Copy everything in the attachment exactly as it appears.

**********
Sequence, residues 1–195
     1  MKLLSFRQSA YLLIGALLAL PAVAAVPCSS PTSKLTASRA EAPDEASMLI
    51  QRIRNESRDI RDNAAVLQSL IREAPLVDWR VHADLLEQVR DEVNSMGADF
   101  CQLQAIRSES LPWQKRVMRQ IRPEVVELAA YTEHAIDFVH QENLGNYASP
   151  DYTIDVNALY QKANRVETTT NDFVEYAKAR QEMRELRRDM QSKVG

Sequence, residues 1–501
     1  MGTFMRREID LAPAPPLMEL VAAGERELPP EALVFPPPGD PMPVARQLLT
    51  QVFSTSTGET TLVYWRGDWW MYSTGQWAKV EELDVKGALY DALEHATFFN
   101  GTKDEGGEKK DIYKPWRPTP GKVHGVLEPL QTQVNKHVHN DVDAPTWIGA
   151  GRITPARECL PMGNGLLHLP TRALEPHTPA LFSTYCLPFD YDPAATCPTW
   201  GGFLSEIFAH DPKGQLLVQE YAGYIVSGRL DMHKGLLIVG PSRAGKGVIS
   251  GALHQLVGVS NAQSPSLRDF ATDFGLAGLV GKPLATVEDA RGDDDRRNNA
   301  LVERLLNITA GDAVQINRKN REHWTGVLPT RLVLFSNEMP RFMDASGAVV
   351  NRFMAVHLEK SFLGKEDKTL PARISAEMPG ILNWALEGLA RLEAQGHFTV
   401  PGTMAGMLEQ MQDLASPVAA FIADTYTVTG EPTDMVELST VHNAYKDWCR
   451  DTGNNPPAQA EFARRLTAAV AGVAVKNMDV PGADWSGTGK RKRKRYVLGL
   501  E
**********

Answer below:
Sequence, residues 1–195
     1  MKLLSFRQSA YLLIGALLAL PAVAAVPCSS PTSKLTASRA EAPDEASMLI
    51  QRIRNESRDI RDNAAVLQSL IREAPLVDWR VHADLLEQVR DEVNSMGADF
   101  CQLQAIRSES LPWQKRVMRQ IRPEVVELAA YTEHAIDFVH QENLGNYASP
   151  DYTIDVNALY QKANRVETTT NDFVEYAKAR QEMRELRRDM QSKVG

Sequence, residues 1–501
     1  MGTFMRREID LAPAPPLMEL VAAGERELPP EALVFPPPGD PMPVARQLLT
    51  QVFSTSTGET TLVYWRGDWW MYSTGQWAKV EELDVKGALY DALEHATFFN
   101  GTKDEGGEKK DIYKPWRPTP GKVHGVLEPL QTQVNKHVHN DVDAPTWIGA
   151  GRITPARECL PMGNGLLHLP TRALEPHTPA LFSTYCLPFD YDPAATCPTW
   201  GGFLSEIFAH DPKGQLLVQE YAGYIVSGRL DMHKGLLIVG PSRAGKGVIS
   251  GALHQLVGVS NAQSPSLRDF ATDFGLAGLV GKPLATVEDA RGDDDRRNNA
   301  LVERLLNITA GDAVQINRKN REHWTGVLPT RLVLFSNEMP RFMDASGAVV
   351  NRFMAVHLEK SFLGKEDKTL PARISAEMPG ILNWALEGLA RLEAQGHFTV
   401  PGTMAGMLEQ MQDLASPVAA FIADTYTVTG EPTDMVELST VHNAYKDWCR
   451  DTGNNPPAQA EFARRLTAAV AGVAVKNMDV PGADWSGTGK RKRKRYVLGL
   501  E